In each of the past three years…Morton Arboretum has brought an art exhibit onto the outdoor museum. Giant trolls started to attract big crowds last summer and the wooden sculptures still stand…sit and hide at locations across the Lisle based property. This summer the arboretum brought in another group of sculptures…and these are brightly colored nods to the real world
In each of the past three years, Morton Arboretum has brought an art exhibit onto the outdoor museum. Giant trolls started to attract big crowds last summer and the wooden sculptures still stand, sit, and hide at locations across the Lisle based property. This summer the arboretum brought in another group of sculptures. First Light host Brian O’Keefe talked with the artist behind the brightly colored nods to the real world.
his time of year can see wild temperature swings, Monday saw a sunny 75 degress across the region by Friday it was cloudy, windy, and 25 degrees cooler. Despite that, spring flowers have started to make their appearance. For several years the Morton Arboretum’s Ed Hedborn has tracked the arrival of spring flowers. I visited with him last spring and wondered if the fluctuations in daytime temperature affects the early flowers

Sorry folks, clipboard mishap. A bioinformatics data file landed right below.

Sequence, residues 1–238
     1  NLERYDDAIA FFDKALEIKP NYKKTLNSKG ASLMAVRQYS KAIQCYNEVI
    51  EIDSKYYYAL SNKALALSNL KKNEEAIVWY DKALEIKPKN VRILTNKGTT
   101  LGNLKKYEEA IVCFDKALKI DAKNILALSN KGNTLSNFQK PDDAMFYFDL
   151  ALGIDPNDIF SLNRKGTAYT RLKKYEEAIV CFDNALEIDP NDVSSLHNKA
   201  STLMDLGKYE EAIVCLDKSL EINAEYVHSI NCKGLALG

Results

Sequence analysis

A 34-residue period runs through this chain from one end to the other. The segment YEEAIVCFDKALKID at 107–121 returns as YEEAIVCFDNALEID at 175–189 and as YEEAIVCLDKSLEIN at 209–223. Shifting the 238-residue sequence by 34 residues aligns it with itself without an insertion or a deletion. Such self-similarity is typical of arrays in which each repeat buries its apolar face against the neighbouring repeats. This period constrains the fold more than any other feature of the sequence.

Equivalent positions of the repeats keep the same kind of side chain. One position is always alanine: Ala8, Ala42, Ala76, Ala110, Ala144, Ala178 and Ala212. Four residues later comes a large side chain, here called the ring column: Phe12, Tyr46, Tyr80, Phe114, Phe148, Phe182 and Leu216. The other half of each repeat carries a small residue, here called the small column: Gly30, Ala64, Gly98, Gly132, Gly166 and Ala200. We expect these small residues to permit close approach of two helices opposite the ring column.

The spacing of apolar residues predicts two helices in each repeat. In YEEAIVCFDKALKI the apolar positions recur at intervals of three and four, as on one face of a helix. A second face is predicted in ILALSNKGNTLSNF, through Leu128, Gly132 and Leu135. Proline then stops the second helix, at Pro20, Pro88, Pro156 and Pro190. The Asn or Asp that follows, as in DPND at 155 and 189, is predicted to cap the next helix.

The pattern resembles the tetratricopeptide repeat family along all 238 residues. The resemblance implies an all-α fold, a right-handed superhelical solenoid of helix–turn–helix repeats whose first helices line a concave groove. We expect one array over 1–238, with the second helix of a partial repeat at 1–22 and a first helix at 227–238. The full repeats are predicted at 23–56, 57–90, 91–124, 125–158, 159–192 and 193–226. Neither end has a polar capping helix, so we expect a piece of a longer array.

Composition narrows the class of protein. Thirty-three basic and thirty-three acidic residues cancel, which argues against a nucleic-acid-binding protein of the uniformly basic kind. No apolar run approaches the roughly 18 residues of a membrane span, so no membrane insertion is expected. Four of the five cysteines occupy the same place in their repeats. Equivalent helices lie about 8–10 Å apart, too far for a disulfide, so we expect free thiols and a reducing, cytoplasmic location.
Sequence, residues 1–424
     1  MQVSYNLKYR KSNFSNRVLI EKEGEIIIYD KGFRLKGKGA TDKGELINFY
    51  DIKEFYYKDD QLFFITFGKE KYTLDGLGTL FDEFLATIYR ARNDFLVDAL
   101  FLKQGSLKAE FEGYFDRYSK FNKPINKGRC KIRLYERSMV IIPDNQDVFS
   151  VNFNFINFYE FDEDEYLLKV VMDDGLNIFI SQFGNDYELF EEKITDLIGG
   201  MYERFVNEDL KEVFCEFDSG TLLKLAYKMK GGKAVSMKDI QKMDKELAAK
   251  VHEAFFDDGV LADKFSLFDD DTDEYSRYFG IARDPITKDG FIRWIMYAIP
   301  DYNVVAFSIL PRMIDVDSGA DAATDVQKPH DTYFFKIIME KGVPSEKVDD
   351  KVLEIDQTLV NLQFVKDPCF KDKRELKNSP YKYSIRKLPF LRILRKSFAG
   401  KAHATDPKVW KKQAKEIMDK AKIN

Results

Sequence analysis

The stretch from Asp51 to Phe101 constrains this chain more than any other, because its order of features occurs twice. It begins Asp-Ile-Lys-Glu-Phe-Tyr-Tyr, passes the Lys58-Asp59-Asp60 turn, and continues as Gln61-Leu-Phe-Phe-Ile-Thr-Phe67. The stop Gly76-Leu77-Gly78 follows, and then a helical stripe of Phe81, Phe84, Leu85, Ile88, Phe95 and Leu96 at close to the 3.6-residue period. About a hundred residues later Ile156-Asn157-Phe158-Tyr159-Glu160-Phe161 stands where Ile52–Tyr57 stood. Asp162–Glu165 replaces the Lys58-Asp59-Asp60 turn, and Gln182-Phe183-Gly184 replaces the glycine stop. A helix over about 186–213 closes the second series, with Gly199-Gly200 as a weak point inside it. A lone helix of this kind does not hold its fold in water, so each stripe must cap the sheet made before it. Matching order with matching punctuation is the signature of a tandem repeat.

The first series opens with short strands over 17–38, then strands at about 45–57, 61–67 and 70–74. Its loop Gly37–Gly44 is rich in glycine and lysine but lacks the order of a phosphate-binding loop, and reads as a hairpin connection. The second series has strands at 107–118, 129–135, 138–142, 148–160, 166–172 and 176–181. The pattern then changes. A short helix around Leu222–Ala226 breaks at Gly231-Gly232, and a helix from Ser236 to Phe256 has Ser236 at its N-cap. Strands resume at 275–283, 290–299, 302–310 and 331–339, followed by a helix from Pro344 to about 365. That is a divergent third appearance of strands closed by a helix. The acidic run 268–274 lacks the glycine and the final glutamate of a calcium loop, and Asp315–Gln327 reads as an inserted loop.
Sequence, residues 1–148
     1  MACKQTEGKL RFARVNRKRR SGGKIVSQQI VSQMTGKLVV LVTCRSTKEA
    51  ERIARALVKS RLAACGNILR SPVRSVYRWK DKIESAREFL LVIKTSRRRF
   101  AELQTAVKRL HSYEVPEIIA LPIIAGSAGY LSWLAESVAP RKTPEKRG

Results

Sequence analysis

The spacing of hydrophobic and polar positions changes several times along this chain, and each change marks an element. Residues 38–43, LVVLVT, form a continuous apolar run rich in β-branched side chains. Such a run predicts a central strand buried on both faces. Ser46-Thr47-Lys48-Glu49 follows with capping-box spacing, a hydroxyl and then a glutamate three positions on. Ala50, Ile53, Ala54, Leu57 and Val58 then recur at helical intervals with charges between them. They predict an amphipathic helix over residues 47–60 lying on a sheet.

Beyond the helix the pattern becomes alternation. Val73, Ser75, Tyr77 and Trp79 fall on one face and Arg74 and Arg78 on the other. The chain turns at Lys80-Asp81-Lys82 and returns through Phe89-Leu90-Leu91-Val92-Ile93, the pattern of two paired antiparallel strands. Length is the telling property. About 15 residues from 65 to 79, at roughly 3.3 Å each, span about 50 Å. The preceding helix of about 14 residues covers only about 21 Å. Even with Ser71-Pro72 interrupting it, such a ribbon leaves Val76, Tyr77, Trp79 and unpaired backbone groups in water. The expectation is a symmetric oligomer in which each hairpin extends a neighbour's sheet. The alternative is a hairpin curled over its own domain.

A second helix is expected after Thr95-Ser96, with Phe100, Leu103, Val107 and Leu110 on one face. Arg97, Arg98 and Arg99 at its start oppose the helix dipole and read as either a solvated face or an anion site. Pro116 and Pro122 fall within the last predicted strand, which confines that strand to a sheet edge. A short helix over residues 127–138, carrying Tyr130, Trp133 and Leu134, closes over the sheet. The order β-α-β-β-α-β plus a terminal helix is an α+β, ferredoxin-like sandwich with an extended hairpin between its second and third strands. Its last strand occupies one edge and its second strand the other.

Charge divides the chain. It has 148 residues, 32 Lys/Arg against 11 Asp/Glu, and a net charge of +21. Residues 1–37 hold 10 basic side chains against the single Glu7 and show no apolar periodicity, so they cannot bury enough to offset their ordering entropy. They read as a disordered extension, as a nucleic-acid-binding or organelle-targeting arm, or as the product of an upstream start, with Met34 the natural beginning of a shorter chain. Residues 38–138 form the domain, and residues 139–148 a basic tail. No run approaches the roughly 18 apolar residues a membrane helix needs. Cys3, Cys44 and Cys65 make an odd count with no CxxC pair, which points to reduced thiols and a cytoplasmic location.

If you’ve driven down I-88 in recent weeks, you may have noticed a giant wooden creature peering down on the traffic from a hill on the Morton Arboretum property. It’s one of several trolls installed at the Lisle based outdoor museum to celebrate summer. First Light host Brian O'Keefe met Arboretum Manager of Interpretation and Exhibits Sarah Sargent near the main parking lot where one of the trolls appears to have crushed a car with a giant rock. The Trolls are the work of Danish artist Thomas Dambo
At least for the next several weeks, Morton Arboretum’s tree collection will take the spotlight, literally. The Lisle based outdoor space kicked off its annual holiday light show last weekend. The display continues through the first of the year. First Light host Brian O'Keefe got an early look at Illumination
After a warm and dry summer, temperatures have cooled, rain has become more common, and the number of daylight hours dwindles. Those factors combine to usher in the arrival of Mother Nature's annual stunning display of color. Morton Arboretum is one of the best places in the region to take in the fall color. Ed Hedborn is Manager of Plant Records at the Arboretum, he says peak color is probably a week or so away.